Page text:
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Across the country, in a scooter

At freezing -3 degree, Sajna Ali clutched tightly onto a little piece of rock and scrawled two names on the snow-clad mountain slope.

Published: 10th October 2018 10:46 PM  |   Last Updated: 11th October 2018 11:26 AM   |  A+A-

Express News Service

KOCHI: At freezing -3 degree, Sajna Ali clutched tightly onto a little piece of rock and scrawled two names on the snow-clad mountain slope. Even as the snow gave way under her feet, she ambled up and continued until the names were etched in the snow. Her friend Tuna Bastin kept recording it. The two women were on an alpine regalia, and were scripting a history of sorts. They had just summited the Khardung La on a scooter, arguably the first women to do so.

One of the highest motorable passes in the world, Khardung La is the dream of any traveller. And so was it for Tuna Bastin who rode from Kochi to Kashmir with Sajna as her pillion. After having braved the elements and negotiating some tricky and dangerous passes, the duo is back in Kerala after their mountain siesta. They ended their 29-day road trip exactly where they had started off on Sept 2, at St. George’s Forane Church, Edappally. With bare minimum luggage and all equipped to handle any contingencies that the vehicle could throw up, the duo started the journey on TVS Torq 125, which Tuna has nicknamed as ‘Nkru’.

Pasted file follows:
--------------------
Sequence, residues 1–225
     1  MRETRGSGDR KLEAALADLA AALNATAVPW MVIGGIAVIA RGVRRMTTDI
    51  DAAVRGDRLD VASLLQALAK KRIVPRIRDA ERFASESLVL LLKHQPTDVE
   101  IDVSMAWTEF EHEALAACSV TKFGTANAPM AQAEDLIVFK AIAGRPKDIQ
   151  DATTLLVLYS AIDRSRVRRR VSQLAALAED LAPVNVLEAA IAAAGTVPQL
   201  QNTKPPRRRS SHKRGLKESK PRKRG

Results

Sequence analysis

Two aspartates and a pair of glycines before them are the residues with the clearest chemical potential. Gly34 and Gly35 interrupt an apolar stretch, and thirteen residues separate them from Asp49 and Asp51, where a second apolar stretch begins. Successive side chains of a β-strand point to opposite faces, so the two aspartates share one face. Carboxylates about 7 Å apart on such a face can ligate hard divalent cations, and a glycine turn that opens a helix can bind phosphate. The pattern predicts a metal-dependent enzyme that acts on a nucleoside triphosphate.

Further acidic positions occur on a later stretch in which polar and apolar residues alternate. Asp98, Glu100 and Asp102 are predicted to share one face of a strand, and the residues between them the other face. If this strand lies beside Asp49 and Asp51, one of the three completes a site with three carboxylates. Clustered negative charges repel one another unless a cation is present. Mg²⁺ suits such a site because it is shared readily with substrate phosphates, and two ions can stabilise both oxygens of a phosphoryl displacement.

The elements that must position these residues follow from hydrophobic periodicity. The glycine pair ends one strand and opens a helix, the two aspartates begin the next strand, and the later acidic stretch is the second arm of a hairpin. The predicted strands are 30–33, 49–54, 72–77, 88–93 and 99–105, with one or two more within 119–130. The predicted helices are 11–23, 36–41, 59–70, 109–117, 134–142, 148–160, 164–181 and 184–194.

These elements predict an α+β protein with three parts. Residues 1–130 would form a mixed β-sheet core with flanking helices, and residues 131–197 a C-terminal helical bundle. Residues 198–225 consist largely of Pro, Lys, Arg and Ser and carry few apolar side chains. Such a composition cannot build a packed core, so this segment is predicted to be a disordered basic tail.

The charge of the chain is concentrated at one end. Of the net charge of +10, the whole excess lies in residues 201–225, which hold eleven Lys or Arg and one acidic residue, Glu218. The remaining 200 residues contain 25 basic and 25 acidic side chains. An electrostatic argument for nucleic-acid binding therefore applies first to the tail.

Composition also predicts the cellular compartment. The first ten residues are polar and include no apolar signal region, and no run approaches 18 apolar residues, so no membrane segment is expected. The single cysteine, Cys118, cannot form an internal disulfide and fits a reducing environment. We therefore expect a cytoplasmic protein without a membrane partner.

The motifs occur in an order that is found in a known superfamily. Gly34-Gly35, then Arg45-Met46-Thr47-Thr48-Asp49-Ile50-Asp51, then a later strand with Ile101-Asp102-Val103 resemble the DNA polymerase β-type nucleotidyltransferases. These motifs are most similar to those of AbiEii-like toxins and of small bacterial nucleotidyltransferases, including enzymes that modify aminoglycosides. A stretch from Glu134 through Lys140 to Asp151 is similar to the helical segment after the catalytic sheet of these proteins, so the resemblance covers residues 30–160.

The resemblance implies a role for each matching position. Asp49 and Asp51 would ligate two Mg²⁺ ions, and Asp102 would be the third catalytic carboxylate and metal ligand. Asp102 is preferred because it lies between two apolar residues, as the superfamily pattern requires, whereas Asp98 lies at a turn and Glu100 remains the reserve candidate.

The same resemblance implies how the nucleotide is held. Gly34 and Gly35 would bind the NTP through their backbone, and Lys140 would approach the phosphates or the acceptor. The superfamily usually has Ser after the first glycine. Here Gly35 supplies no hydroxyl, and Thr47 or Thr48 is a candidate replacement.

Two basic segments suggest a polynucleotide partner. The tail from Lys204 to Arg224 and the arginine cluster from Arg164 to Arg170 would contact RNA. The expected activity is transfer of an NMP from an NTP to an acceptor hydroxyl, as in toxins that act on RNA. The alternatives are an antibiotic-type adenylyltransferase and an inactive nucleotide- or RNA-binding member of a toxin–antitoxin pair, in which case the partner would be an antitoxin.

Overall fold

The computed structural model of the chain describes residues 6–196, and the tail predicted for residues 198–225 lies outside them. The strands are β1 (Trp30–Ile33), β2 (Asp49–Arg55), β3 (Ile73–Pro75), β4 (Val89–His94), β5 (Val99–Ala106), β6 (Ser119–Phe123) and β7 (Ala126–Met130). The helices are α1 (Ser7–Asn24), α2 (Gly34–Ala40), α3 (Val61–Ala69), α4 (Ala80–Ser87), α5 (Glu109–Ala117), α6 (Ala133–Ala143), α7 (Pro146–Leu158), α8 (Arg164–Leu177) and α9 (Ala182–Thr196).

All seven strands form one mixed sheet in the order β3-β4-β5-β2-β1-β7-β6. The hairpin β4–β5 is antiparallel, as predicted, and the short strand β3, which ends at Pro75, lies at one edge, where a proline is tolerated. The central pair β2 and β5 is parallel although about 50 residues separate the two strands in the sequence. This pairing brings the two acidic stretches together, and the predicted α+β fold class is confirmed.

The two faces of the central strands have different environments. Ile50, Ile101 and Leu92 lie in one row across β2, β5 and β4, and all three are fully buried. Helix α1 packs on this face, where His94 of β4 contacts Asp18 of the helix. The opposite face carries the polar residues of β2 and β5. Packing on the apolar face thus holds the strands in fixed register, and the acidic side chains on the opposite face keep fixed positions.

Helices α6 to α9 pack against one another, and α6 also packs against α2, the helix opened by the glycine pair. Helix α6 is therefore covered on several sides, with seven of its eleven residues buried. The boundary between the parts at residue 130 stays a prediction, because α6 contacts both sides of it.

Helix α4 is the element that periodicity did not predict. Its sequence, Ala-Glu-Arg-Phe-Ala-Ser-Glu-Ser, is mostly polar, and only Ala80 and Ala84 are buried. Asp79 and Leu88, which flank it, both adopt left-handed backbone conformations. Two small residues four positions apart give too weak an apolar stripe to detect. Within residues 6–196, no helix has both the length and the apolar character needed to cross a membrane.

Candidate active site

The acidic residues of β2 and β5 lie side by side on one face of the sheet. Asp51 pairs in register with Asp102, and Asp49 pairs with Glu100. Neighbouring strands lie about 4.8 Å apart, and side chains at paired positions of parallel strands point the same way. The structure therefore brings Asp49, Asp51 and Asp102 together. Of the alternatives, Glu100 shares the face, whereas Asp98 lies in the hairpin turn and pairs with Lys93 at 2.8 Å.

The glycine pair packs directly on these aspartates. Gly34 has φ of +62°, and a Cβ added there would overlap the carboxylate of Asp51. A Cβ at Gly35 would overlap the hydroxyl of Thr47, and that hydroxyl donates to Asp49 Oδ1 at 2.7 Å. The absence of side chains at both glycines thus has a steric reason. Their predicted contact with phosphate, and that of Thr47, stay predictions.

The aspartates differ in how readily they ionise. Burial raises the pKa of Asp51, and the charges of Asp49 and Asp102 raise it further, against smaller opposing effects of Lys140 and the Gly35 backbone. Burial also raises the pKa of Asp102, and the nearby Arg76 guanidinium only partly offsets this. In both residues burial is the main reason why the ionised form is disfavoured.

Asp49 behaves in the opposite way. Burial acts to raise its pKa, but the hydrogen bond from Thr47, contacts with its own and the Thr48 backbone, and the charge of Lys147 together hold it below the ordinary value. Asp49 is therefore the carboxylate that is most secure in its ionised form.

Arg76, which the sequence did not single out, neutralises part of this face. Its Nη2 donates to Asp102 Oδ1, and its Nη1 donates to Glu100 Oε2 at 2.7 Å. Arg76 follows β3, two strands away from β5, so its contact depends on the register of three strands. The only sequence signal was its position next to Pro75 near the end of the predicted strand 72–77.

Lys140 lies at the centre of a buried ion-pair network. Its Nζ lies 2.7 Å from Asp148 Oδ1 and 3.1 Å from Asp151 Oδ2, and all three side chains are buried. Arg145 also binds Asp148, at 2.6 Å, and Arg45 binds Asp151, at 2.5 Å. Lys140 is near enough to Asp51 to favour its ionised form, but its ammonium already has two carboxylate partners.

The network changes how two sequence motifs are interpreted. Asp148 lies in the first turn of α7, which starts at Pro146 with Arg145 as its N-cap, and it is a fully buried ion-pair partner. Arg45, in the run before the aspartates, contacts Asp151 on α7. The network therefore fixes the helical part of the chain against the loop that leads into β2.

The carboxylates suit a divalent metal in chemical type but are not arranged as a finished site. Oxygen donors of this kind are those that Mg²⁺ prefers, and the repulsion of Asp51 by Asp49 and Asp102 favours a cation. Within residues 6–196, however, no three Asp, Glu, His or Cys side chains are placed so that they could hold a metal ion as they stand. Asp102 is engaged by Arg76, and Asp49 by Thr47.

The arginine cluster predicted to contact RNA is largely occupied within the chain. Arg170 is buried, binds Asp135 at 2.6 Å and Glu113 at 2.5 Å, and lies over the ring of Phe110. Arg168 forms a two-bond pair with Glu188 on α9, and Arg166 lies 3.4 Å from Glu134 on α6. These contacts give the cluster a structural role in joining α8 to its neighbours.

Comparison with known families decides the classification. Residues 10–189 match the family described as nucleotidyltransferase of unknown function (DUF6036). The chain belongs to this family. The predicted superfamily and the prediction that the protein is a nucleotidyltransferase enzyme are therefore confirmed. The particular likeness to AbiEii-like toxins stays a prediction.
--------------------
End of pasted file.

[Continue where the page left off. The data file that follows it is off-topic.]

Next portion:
“Tuna had told me about this dream ride of hers to Leh. She asked me to accompany her, and I did,” recalls Sajna, who founded Appooppanthaadi, an all-women travel group. “This was an experimental ride. There is a misconception that to traverse the lofty mountains, you need to have a bike. And we wanted to bust the myth as well. The initial plan was to go on a bike. But we then decided to do it on a scooter,” chips in Tuna, who works as an investigation officer at Star Health and Allied Insurance.

Fellow riders and the local people were extremely helpful and considerate, they tell you. 
“Only in India will you see language, colour, culture, food, and landscape change every 200 km,” says Sajna. The duo is already flooded with calls on their ride.“You encounter the toughest of situations while you are on the road. The ride will change you. We hope more people get inspired and just undertake the ride,” she adds. Sajna is all gearing up to write a book on the journey.



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